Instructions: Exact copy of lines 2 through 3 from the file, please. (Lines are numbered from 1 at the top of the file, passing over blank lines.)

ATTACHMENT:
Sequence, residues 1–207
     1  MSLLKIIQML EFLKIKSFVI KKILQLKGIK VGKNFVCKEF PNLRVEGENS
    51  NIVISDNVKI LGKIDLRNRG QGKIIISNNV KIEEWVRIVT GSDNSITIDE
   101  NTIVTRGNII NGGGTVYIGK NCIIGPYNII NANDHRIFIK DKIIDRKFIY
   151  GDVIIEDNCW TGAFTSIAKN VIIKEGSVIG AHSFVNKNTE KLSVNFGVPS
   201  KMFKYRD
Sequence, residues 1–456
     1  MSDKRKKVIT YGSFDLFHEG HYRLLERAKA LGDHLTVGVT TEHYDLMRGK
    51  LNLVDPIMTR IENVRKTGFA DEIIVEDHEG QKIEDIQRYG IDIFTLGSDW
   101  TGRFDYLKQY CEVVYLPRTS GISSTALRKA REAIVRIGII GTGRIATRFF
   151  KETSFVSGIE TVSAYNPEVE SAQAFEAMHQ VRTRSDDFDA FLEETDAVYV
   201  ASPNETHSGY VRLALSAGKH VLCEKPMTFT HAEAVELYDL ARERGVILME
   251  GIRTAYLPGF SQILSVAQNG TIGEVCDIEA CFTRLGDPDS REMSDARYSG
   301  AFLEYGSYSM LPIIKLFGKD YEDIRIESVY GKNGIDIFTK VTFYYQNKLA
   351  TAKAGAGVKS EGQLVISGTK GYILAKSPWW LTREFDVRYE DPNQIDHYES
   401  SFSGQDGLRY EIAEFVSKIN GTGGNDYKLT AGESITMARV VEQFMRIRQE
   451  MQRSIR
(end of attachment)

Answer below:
     1  MSLLKIIQML EFLKIKSFVI KKILQLKGIK VGKNFVCKEF PNLRVEGENS
    51  NIVISDNVKI LGKIDLRNRG QGKIIISNNV KIEEWVRIVT GSDNSITIDE